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Monday - January 09, 2012

From: Marble Falls, TX
Region: Southwest
Topic: Seasonal Tasks, Herbs/Forbs
Title: Seasonal tasks for Big Red Sage and Tall Aster in Marble Falls TX
Answered by: Barbara Medford


I transplanted some Big Red Sage and Tall Aster into my raised bed garden in early summer this year. They've sent up lots of rosettes. Do I need to protect them from freezing in winter? Do I need to thin them and if yes, when? Thank you.


Salvia pentstemonoides (Big red sage) and Symphyotrichum praealtum var. praealtum (Tall aster) are two excellent plants for your garden, with fairly low maintenance needs. Both are native to Burnet County, so they are hardy in the USDA Hardiness Zone where they are growing. Both are perennials that die back to the ground and come up from the rosettes in the Spring and both thrive in sun or part shade. Don't worry about covering them in the ground. They are insulated by the warmth of the Earth; in fact, Big Red Sage is hardy from Zones 6a to 10b and Tall Aster grows as far north as Ontario in eastern Canada. Burnet County is in Zone 8b.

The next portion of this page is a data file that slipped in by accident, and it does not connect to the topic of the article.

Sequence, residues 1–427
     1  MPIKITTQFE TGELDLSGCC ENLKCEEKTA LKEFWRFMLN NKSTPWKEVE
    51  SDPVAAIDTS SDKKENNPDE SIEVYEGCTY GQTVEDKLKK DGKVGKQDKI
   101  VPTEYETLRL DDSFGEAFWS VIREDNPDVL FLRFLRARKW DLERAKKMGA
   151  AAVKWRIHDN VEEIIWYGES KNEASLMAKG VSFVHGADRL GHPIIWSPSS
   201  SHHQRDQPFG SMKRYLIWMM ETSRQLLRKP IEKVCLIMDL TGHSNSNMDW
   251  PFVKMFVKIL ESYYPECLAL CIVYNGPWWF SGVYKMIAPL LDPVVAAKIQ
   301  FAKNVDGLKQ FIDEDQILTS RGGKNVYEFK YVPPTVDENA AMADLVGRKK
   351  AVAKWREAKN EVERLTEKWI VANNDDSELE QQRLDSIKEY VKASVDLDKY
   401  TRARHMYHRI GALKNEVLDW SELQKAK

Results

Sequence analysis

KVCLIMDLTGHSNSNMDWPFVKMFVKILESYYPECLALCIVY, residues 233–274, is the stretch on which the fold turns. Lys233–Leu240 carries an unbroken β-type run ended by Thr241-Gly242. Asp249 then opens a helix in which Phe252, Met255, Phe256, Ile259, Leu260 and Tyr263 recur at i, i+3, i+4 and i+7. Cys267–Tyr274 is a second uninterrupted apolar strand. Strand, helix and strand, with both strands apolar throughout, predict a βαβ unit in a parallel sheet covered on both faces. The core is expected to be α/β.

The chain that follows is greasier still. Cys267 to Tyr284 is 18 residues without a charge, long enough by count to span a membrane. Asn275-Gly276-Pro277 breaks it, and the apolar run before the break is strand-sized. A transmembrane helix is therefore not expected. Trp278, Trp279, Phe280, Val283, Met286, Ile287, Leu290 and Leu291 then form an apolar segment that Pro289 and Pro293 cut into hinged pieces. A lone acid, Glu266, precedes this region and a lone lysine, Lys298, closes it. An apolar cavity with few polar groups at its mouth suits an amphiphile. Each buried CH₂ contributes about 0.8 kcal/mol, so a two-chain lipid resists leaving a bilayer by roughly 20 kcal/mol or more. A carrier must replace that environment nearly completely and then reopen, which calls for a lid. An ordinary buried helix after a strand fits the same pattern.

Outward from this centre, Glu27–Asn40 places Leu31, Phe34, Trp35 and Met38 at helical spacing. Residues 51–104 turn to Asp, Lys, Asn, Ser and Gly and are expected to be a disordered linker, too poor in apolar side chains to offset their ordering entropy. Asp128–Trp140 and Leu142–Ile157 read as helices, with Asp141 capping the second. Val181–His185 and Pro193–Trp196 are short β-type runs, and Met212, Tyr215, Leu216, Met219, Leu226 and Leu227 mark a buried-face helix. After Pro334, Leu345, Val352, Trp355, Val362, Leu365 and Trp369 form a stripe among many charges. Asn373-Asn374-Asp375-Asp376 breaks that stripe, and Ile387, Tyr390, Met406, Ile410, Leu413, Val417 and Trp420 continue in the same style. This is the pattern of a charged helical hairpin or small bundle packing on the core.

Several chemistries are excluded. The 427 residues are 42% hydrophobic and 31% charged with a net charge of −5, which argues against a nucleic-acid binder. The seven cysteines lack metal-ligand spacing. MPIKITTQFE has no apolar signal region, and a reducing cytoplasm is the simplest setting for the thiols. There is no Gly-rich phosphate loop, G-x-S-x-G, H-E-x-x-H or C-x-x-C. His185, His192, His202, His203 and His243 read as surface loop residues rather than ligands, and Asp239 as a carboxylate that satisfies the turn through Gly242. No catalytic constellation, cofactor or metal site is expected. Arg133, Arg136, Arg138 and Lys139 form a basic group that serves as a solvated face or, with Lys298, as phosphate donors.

As far as thinning them, we would say you don't "need" to thin, you thin them when they are getting crowded or you need more plants in another area. We suggest you read this article on Caring for Your Perennials from Weston Gardens, especially this excerpt on time of thinning:

"Perennials, in general, should be transplanted during the season opposite of when they bloom. That is, transplant Spring and Summer-flowering perennials in the Fall and transplant Fall-flowering perennials in the early Spring."

Therefore, since the Big Red Sage blooms red in June to October and Tall Blue Aster blooms purple from October to November, both could be thinned in Spring.


From the Image Gallery

Big red sage
Salvia pentstemonoides

Spreading aster
Symphyotrichum patens var. patens

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